Volunteer radiotrackers fit a banded hawk with a radio transmitter weighing less than 3 percent of body weight, and follow the hawk constantly as it moves through California. A successful tracking season gives us a chance to study daily timing of migration, the hawk’s habitat use, and even the human impacts on migration.
Late season telemetry began November 27th with a juvenile male Red-tailed Hawk named “Echo.” He spent the first night in the Marin Headlands and during a break in the stormy weather headed north to Novato on the 28th. His estimated locations are being added to the map.
Earlier in 2012, telemetrists tagged and followed 2 Broad-winged Hawks. The first, “Marathon,” was tagged on Sept. 17 and successfully tracked to the Mexican border from the Marin Headlands by volunteer telemetrists in four days, following a similar path and timeframe as the only other Broadwing that had been tracked by the GGRO, in 1994. The second, “Lakota,” was tagged and released on Sept. 29, and was found dead on Angel Island on Oct. 4. A necropsy found the speculated cause of death was a 4-6mm hole in her back that pierced through the muscles and ended in one of her lungs.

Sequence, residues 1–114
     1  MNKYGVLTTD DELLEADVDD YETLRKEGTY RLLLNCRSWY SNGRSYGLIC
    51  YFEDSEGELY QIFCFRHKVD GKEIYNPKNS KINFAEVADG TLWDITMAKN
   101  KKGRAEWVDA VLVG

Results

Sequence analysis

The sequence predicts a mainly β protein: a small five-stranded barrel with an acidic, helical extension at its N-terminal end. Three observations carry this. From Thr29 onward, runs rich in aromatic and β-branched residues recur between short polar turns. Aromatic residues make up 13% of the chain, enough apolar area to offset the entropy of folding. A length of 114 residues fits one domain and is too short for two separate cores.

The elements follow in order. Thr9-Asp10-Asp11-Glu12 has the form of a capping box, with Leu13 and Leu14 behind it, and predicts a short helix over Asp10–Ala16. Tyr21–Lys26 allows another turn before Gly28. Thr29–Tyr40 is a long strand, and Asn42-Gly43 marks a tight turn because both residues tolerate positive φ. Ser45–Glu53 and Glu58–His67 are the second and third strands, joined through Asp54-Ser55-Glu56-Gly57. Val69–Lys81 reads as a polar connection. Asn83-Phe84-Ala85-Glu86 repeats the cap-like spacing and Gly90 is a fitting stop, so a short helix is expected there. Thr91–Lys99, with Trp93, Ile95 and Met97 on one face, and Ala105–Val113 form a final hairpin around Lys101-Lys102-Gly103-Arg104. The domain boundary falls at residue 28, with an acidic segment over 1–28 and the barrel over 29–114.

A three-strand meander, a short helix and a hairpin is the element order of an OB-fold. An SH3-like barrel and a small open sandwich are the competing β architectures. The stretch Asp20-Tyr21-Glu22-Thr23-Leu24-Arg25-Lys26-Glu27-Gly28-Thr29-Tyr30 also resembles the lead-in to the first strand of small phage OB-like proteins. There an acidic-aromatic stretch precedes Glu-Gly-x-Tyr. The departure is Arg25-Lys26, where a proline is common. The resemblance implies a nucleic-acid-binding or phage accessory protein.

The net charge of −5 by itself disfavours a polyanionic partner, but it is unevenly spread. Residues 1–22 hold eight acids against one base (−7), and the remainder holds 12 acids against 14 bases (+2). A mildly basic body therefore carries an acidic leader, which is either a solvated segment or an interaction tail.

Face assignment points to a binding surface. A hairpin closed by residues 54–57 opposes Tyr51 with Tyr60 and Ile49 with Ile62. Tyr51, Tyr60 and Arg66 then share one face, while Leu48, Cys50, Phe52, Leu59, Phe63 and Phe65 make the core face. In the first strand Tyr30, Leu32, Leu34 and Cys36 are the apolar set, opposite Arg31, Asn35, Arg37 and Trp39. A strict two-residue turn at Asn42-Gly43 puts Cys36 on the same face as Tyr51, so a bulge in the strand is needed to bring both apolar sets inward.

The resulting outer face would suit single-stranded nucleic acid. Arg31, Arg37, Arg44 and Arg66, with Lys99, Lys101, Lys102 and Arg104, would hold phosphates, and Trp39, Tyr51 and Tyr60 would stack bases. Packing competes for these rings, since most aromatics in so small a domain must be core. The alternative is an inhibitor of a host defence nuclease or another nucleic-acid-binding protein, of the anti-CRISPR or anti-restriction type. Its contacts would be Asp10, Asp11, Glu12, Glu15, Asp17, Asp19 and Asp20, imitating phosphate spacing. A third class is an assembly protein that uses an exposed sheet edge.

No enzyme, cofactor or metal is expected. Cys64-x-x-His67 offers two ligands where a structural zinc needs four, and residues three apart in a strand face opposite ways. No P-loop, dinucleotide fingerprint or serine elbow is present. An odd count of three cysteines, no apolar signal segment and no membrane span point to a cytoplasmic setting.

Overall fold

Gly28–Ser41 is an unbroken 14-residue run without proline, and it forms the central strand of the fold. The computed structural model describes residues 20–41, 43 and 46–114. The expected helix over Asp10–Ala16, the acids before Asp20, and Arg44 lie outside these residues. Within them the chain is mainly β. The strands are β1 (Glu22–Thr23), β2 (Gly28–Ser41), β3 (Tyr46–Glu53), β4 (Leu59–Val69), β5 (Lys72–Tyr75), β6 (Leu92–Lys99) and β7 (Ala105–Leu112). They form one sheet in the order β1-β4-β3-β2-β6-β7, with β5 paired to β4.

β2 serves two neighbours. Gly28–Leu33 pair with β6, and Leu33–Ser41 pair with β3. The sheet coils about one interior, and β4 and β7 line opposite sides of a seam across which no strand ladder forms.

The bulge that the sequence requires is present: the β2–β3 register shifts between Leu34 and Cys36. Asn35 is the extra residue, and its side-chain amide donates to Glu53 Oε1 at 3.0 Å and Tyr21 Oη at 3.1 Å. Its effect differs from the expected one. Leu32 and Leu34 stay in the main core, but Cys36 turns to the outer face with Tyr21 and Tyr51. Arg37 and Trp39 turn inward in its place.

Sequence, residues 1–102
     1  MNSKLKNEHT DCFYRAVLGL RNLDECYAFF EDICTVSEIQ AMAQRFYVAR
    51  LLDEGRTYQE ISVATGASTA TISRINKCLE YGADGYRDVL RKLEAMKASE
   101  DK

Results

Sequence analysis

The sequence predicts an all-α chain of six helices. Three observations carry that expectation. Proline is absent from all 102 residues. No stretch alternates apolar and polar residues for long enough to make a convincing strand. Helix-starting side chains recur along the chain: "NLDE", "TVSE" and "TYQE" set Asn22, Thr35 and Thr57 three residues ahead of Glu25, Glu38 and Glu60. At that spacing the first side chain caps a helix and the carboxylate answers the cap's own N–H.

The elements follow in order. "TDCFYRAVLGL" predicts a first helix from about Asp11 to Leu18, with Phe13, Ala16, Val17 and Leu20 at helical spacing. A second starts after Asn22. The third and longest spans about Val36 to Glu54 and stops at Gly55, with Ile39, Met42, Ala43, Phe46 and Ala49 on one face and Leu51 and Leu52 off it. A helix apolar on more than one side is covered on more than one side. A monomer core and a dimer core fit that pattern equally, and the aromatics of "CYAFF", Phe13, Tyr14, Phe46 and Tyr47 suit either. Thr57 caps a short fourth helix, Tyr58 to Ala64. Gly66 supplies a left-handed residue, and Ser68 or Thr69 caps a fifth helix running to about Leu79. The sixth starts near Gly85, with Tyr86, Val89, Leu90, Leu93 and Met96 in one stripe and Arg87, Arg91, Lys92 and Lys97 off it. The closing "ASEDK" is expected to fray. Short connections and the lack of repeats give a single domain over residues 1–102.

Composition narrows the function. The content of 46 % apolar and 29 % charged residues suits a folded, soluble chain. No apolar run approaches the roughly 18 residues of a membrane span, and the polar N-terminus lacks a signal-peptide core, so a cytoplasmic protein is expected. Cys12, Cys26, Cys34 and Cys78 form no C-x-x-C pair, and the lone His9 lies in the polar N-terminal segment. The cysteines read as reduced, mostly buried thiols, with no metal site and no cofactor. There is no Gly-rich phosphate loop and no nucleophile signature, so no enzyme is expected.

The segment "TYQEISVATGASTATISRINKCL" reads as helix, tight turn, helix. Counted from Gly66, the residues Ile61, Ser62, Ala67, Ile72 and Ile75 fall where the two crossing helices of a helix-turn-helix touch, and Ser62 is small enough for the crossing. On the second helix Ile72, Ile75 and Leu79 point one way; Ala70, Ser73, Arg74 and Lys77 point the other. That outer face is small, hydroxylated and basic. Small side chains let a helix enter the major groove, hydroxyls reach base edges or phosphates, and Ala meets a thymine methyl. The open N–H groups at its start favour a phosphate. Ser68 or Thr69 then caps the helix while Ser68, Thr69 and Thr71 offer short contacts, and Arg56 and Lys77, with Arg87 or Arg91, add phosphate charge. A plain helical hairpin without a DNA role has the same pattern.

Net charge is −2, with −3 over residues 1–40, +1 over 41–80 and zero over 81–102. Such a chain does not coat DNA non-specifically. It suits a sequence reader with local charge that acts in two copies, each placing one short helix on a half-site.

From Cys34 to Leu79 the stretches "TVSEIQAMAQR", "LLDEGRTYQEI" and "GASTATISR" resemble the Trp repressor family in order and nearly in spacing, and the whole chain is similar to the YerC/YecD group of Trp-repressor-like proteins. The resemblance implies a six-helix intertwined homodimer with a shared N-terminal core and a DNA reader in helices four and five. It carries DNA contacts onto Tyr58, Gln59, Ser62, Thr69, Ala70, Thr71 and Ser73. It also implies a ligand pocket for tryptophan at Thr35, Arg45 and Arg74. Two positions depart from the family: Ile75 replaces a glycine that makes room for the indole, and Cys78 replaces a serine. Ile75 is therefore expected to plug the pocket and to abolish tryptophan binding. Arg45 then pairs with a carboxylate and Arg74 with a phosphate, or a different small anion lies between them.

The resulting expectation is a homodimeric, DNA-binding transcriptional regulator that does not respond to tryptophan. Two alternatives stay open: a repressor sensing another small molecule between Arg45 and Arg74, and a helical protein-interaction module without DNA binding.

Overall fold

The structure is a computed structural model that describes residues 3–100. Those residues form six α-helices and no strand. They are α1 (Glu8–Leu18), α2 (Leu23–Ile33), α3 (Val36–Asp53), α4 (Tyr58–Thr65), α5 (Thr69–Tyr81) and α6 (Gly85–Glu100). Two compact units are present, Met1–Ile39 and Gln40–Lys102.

Check the Telemetry Blog at www.ggrotelemetry.blogspot.com for updates from the field and more details about Marathon and Lakota.
You can also track the tagged hawks’ movements on the map to the right—open the map and click on a point for details! Marathon's points are red, Lakota's are blue, Echo's are yellow. (All points are approximations)